I have trouble being on the same planet with these creatures, let alone go into the ocean with them. As Rachel puts it:
Many people are disgusted by the hagfish. These squirmy, eel-looking creatures are known primarily for two repellent traits: eating dying animals from the inside out, and oozing four cups of slime in a fraction of a second.
By Crom’s holy indifference!
Recently, scientists at the University of Guelph published a study that delves into the amazing–and cringingly awful–properties hagfish slime. Apparently, the slime is full of these long (6 inches!) sticky protein threads, which are good for clogging up a predator’s gills and happen to be as light and strong as spider silk.
If, as Rachel posits, this thread could one day lead to clothing, I would cry. A lot.
This is Cronenberg-level body horror at its worse. Cools story, though.
WIRED highlighted this little reason not to go into the water. Don’t stare at the hypnofish and do not partake of its flesh. Its poisonous. Also, it doesn’t cuttle and its not a fish. The whole thing is based on lies and deception.
Two people falsely accused of satanic ritual abuse in the 80s were finally freed from jail just last year. The charges against them were just as absurd as some of the claims this woman is making, and they had real consequences. Real lives were ruined.
I’m not trying to make light of this–or even trying to debunk her claims–but I think that it is more likely than not she’s simply not telling, or perhaps capable of telling, the truth. Of course, the fact that she’s probably committed one murder means that people are going to pay attention to her claims.
She may have even murdered more, but that’s also not evidence of a satanic cult conspiracy.
Now, I’m not sure what makes “I Aim to Misbehave” a Firefly workout, but the routines look really good and challenging. Sometimes you just need a plan, and I plan to print a few of these out for the garage wall.
The rules: “Scientists are baffled” is one of those phrases reporters and headline writes love to overuse. In most cases, the scientists aren’t baffled, per se. In many cases, its just the opposite, but its a cheap shorthand to use when you want to get across the notion of a mystery. Bonus points if they use the phrase “Boffins Baffled!”
NASA’s Nuclear Spectroscopic Telescope Array, or NuSTAR, has showcased the telescope’s talent with an image showing the energized remains of a dead star, a structure nicknamed the “Hand of God” after its resemblance to a hand.
So, celestial objects looking like things is nothing new, like the famed “Pillars of Creation” in the Eagle Nebula, which always looked like something, erm, different…ahem…to me. The phenomena is called paredolia–the way your mind looks for familiar shapes in patterns, whether its a picture of a nebula or the pattern that appears on your toast. I guess its a handy (ha!) way of naming things.
In this case, however, it appears the “hand” is imparting some useful information:
The new “Hand of God” image shows a nebula 17,000 light-years away, powered by a dead, spinning star called PSR B1509-58, or B1509 for short.
The dead star, called a pulsar, is the leftover core of a star that exploded in a supernova.
The pulsar is only about 19 kilometers (12 miles) in diameter but packs a big punch: it is spinning around nearly seven times every second, spewing particles into material that was upheaved during the star’s violent death.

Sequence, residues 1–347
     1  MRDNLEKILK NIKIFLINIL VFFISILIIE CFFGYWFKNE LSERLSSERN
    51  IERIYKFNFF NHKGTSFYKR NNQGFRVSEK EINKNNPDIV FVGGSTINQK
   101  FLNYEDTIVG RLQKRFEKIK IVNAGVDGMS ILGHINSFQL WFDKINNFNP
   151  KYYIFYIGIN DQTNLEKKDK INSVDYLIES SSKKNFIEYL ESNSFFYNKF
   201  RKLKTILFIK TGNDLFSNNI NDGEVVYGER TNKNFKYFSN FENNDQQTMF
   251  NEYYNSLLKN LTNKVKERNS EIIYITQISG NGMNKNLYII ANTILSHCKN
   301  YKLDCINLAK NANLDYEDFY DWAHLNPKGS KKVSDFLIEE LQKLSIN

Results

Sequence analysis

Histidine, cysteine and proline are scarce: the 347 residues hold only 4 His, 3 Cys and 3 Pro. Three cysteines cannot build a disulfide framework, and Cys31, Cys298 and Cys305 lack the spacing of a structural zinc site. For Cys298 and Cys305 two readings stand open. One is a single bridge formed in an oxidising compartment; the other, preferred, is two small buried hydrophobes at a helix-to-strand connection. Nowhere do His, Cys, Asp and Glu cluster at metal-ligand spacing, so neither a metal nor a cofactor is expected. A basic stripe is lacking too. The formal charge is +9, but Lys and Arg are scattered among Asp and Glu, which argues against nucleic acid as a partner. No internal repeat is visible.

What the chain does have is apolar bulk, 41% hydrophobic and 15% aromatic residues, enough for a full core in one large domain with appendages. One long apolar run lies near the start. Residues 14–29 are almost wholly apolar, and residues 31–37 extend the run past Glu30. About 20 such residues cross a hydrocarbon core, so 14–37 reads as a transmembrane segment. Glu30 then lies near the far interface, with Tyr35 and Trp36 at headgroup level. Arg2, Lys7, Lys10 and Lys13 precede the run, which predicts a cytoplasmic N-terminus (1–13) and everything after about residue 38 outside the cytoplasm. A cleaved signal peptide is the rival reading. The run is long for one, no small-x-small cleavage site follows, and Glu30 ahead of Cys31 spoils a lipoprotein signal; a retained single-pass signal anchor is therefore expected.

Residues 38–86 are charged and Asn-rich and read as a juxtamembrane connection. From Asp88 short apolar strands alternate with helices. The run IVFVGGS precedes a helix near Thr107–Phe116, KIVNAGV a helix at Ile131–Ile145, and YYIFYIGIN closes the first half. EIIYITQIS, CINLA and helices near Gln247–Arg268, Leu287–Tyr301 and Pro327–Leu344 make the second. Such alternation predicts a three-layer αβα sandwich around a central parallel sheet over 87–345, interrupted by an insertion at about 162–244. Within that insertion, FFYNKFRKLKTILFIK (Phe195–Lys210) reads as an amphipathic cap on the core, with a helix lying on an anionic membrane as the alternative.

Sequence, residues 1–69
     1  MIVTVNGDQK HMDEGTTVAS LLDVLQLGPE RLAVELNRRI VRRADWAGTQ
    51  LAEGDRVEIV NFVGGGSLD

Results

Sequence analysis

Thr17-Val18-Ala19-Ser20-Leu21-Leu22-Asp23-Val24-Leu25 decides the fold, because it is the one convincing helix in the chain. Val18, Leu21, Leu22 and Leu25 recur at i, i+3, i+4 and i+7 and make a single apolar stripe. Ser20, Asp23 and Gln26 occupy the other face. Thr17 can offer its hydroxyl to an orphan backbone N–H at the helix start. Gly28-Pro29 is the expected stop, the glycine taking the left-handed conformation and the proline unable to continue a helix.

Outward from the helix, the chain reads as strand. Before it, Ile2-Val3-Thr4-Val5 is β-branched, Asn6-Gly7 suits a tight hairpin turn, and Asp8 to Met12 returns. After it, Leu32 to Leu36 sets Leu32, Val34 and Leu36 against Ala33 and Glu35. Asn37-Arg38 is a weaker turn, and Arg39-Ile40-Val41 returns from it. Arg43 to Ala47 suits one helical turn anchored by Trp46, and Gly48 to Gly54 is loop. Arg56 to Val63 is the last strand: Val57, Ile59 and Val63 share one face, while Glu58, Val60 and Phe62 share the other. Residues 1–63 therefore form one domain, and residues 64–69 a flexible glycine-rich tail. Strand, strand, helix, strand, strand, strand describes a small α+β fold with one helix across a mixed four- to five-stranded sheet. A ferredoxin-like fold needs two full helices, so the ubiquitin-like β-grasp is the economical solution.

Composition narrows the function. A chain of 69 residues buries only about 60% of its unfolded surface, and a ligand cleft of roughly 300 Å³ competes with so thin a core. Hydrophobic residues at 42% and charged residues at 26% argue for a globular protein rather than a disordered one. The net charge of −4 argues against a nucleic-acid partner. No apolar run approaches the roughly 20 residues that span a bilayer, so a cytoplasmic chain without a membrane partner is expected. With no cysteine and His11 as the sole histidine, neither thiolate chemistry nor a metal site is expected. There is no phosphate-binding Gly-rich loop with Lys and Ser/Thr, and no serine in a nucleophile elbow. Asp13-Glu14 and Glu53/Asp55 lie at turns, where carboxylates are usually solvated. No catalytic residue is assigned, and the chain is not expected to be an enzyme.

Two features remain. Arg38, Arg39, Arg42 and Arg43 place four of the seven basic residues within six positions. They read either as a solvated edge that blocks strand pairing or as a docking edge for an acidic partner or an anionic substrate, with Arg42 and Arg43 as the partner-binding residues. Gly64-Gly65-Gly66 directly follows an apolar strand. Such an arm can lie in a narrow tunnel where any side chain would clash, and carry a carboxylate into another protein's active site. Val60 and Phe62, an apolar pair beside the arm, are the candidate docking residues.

These particles are interacting with magnetic fields around the ejected material, causing it to glow with X-rays. The result is a cloud that looks like a hand.
One of the big mysteries of this object, called a pulsar wind nebula, is whether the pulsar’s particles are interacting with the material in a specific way to make it appear as a hand, or if the material is in fact shaped like a hand.
“We don’t know if the hand shape is an optical illusion,” Hongjun An of McGill University, Montreal, Canada, said.
“With NuSTAR, the hand looks more like a fist, which is giving us some clues,” An said.
Nice description. I’m going to say that this is Not Baffling.
I think I understand the allure of challenging yourself–of doing something just to test your endurance. Let’s just say that the idea of going into the dark depths of the sea, where your body does its damnedest to replace the air in your lungs with briney death, is not my idea of a sport. (The governing body fascinates me.)
He died of a pulmonary edema, the Times says:
Still, Mevoli shot to the surface under his own power, after a dive of 3 minutes 38 seconds. That’s when the scene turned nightmarish.
Mevoli ripped off his goggles, flashed the O.K. sign and attempted to complete the surface protocol that would make his attempt official by saying, “I am O.K.” But he wasn’t. His words were garbled, his eyes wide and blank. He tipped backward into the ocean and lost consciousness, which, while alarming, is not unheard-of in a sport in which almost all the top athletes have lost consciousness at one time or another, though usually for only a few seconds. Mevoli was not so fortunate.
Five safety divers, one of them an Australian paramedic and all certified in life support techniques, hefted him onto a nearby platform, where the event physician, Barbara Jeschke of Germany, went to work trying to revive him.
“There’s a problem with his lung,” shouted Marco Cosentino of Italy, one of the safety divers who meet the competitors at various stages to help bring them to the surface if they are in distress. They turned Mevoli onto his side, and blood began pouring from his mouth and pooling on the platform before dissipating into the sea.